A few extra weeks or a couple of more months beyond what the
recipe calls for usually isn't ideal. But, don't just
toss out your brew because you think it has rested too long!
Continue and you may brew a tasty batch. Look at the
corn flake: a mistake by the cook and now a staple food
enjoyed by millions.
August 23, 2012 - Ok, time to move to the
secondary fermenting carboy. Using a standard
siphoning hose and racking tube, we moved the home brew to
the secondary carboy where we plan to leave it for at least
another week or two...
August 25, 2012 - After two days the brew has done
nothing as far as fermenting is concerned while in the
secondary carboy fermenter. Could this be because we
were too careful in not taking any of the trub/yeast from
the bottom of the primary fermenter (see trub in image
above)? We gave it a good shake and fermentation
started again, but lasted for about an hour only.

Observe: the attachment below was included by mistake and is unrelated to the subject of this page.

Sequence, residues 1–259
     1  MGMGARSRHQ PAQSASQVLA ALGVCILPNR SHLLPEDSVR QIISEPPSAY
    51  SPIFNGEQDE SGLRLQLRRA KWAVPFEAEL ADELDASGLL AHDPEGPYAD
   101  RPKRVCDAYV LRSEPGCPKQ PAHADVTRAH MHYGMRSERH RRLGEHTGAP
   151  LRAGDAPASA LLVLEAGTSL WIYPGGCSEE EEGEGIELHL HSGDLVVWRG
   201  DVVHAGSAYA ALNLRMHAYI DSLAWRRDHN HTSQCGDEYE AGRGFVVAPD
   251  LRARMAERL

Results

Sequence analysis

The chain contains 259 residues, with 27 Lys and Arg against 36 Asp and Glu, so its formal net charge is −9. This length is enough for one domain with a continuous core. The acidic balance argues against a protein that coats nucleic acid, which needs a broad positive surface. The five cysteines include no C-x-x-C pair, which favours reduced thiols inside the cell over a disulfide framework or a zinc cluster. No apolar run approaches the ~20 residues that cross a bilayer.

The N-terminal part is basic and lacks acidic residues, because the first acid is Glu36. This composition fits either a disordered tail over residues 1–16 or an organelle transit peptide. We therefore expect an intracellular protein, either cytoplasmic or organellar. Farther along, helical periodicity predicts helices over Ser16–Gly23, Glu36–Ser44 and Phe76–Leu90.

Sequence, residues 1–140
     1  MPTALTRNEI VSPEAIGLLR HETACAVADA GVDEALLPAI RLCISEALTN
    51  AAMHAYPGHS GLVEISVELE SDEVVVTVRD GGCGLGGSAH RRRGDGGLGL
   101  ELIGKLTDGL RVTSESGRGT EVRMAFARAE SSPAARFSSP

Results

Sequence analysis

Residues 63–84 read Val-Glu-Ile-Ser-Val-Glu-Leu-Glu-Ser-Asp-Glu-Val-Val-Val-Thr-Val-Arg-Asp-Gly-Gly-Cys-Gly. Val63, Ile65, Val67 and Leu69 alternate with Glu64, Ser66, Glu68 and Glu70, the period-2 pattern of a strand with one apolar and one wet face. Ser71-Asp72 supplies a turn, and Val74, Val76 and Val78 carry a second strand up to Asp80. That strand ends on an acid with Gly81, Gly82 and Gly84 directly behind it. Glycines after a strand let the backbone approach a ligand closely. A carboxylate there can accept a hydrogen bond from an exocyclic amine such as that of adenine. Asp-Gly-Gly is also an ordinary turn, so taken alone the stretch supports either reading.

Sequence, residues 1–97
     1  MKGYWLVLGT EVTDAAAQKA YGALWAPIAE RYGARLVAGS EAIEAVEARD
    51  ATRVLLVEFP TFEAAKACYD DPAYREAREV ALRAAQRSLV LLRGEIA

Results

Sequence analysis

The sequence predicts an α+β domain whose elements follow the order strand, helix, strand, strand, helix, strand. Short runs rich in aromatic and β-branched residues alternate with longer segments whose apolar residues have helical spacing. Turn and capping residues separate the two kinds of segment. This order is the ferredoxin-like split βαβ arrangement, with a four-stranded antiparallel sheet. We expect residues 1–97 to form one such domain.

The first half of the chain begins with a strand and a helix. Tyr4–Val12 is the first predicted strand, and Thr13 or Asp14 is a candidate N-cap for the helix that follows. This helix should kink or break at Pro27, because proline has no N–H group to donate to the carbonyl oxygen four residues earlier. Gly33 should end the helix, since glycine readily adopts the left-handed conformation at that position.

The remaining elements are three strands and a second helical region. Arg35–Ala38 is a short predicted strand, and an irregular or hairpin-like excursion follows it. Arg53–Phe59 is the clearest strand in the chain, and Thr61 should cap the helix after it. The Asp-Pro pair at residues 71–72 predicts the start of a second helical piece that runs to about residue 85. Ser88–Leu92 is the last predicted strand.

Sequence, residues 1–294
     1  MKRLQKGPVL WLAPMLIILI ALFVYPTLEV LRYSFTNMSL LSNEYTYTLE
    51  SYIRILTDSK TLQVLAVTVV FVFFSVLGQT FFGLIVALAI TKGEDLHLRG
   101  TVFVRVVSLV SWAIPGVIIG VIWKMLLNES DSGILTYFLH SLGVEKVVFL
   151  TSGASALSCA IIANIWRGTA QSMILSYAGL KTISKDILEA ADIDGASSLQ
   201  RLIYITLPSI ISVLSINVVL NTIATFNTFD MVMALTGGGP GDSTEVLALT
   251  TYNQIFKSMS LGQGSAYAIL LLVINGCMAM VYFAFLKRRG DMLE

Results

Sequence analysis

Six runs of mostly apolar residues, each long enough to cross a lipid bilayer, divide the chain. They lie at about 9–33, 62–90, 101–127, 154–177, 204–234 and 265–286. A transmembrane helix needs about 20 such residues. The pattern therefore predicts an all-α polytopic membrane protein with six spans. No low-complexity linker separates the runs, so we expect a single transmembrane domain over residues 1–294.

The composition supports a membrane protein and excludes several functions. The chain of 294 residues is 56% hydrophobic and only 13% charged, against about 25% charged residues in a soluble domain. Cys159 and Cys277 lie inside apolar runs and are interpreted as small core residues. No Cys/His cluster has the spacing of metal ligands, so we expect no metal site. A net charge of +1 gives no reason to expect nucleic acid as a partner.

A clear indication that fermentation has finally ceased
altogether can be observed because the wort is beginning to
settle: there is a 2-inch portion of clear liquid at the top
of the carboy (see images below).
August 27, 2012 - Settling has continued as the
clearer portion at top has expanded to about half-way down
the carboy. It should be fully settled in a couple
more days. So, we are going to move it to the kitchen
counter for now, in preparation for siphoning. We are
doing this because we have noticed that in the past when we
were ready to siphon our brew to the racking bucket, we
slightly stirred up the sediment/trub layer when we moved
the carboy prior to siphoning.
August 28, 2012 - Interestingly, the clearer
portion has become less than what it was prior to gently
moving the brew to the counter tow days ago. It's not
that the yeast layer became unsettled during the move,
because it didn't. In the picture above, you can see
the yeast layers extends almost half way down the carboy.
That was two days ago. Today, it's barely below the
top ring, which means, the entire layer grew as opposed to
shrinking to the bottom of the carboy. Perhaps a
change in temperature by 2 degrees got the yeast excited
again? So, we are going to keep an eye on this and see
if it continues to get lower as the day progresses.
August 29, 2012 - We decided to bottle the beer
today. We filled 17 of our 1-liter bottles, and 7 of
our green Grolsch bottles.